Compounds with Conductive Fillers

The parts may look beautiful but not be functional in static dissipative applications. The following processing conditions are important to successfully molding good, conductive parts.

  1. All resins containing carbon black should be dried.
  2. Slower fill rates improve surface conductivity. Fill rates less than 1 inch (25.4 mm) per second generally work best. Decreasing the fill speed has little effect when using subgates.
  3. Higher melt temperatures and slower fill speeds tend to layer the carbon black particles on the part surface. A more conductive carbon black part typically has a more mottled, duller surface. A glossier surface is more resin rich and usually less conductive.
  4. Decreased packing usually increases surface conductivity. Short shots can have much higher levels (one or two magnitudes) of surface conductivity, especially if measured at the edge of the flow front where the carbon particles lay closest to the surface.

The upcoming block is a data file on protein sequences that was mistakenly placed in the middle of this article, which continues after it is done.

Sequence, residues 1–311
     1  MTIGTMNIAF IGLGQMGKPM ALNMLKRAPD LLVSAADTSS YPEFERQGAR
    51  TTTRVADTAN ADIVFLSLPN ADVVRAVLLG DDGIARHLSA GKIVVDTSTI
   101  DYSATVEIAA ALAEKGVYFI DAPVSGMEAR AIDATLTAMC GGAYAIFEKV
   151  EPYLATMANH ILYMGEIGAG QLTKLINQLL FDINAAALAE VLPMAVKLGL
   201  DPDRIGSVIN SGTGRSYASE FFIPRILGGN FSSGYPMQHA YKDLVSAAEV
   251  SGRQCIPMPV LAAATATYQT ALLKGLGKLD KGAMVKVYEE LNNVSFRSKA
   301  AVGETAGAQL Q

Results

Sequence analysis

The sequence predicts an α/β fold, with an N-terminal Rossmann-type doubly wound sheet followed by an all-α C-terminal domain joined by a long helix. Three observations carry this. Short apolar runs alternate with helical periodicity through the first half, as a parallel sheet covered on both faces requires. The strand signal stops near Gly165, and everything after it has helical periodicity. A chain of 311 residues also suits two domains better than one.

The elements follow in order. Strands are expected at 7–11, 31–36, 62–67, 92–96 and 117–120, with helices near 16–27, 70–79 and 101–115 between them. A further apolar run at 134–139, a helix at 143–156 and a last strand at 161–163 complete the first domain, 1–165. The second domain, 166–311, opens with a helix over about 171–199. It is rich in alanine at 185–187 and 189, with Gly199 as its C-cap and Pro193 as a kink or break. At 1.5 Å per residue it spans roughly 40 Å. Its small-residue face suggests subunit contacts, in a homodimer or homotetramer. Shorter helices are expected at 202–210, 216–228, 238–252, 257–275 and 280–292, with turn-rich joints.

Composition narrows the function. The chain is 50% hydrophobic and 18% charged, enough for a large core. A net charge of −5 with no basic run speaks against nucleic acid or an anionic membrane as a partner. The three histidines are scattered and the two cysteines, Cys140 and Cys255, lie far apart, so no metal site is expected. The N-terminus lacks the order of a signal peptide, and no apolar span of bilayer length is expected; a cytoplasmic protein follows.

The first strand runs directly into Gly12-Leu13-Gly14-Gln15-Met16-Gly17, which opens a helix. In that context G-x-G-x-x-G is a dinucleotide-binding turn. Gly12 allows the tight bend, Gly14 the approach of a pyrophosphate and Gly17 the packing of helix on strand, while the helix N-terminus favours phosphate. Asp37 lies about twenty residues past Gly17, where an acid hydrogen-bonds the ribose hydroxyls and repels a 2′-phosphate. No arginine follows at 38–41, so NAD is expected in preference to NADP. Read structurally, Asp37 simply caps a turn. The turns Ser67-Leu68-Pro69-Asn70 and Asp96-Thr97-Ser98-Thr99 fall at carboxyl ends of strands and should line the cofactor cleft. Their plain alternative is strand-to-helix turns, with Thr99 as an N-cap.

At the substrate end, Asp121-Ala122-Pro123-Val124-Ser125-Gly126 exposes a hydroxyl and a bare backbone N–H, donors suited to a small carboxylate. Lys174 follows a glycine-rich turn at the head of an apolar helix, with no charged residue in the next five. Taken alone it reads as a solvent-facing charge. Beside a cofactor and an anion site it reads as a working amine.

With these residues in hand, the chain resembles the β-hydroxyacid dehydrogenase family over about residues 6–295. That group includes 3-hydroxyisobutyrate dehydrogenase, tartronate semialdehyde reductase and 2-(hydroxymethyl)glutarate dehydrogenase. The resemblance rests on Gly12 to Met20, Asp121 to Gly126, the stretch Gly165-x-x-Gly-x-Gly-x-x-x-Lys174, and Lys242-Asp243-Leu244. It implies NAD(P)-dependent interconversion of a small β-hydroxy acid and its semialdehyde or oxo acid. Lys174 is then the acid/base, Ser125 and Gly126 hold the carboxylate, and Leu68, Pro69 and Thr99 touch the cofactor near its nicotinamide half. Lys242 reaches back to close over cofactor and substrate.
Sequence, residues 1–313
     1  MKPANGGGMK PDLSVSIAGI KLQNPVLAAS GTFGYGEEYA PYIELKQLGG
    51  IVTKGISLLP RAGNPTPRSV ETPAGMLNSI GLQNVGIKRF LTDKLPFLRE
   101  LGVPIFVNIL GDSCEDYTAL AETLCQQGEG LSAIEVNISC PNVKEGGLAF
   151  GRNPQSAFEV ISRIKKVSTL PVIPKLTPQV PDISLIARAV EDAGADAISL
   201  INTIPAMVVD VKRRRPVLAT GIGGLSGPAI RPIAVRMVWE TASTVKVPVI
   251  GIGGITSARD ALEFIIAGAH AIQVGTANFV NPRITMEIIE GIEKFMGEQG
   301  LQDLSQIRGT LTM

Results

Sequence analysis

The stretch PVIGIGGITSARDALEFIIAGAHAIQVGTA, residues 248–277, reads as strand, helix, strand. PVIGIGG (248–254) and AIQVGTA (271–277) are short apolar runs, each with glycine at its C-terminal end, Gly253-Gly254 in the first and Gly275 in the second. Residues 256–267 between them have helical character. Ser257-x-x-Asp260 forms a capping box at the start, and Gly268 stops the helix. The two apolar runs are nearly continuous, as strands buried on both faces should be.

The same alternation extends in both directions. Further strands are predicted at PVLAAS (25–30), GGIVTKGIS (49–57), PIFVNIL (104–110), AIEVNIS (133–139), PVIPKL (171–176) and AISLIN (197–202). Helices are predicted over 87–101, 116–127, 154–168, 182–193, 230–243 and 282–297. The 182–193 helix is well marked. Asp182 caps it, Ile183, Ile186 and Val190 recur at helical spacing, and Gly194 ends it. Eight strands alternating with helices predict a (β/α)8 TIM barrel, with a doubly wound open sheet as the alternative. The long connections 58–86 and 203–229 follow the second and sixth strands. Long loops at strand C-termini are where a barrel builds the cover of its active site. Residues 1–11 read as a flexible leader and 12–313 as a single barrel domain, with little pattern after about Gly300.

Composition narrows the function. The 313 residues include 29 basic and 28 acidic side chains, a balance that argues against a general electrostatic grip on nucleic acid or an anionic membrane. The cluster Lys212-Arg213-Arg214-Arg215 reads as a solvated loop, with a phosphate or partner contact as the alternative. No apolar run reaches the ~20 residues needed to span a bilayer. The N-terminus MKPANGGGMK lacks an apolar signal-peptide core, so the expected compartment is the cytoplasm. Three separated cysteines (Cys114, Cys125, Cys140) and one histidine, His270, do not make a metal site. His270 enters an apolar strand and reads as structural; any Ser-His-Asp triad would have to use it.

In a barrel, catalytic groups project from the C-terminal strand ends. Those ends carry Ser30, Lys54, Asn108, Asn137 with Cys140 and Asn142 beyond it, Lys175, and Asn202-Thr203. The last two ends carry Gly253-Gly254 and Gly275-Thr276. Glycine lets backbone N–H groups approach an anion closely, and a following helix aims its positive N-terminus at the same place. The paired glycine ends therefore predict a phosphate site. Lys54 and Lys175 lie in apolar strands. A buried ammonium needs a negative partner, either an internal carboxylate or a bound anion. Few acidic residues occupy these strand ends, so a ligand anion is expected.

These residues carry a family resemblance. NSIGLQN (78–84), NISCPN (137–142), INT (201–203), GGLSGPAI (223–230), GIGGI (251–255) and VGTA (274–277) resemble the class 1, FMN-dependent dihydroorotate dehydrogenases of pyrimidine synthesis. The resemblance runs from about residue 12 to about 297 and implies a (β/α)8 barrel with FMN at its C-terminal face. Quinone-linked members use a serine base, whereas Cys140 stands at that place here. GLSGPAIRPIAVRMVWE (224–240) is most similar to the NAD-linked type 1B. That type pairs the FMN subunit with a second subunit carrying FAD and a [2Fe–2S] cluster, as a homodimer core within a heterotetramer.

5. Typical molding is usually less conductive near the gate and more conductive away from the gate, (i.e. 1K – 2K ohms with carbon black).
  6. Mold temperature does not have a significant effect on conductivity.
  7. Surface conductivity is usually independent of back pressure and screw speed.

Compounds with Conductive Fibers

Conductive materials based on carbon fiber typically require opposite molding conditions from conductive fillers.

  1. Use the base resin drying requirements for carbon fiber reinforced compounds.
  2. Increasing the fill speed usually increases surface conductivity 105 to >104 ohms/sq. (Caution: Excess fill speeds can break up carbon fibers and reduce mechanical properties.) All corners in the flow path should have generous radii.
  3. With carbon fiber, high melt temperatures decrease surface resistivity (thereby increasing conductivity) because they increase the degree of packing. Short shots in carbon fiber are typically non-conductive.
  4. A typical carbon fiber molding is more conductive near the gate.
  5. Mold temperature does not have a significant effect on conductivity.
  6. Back pressure and screw speed should be kept as low as possible, i.e. 25-50 psi (0.17-0.34 MPa) and 20-40 rpm respectively.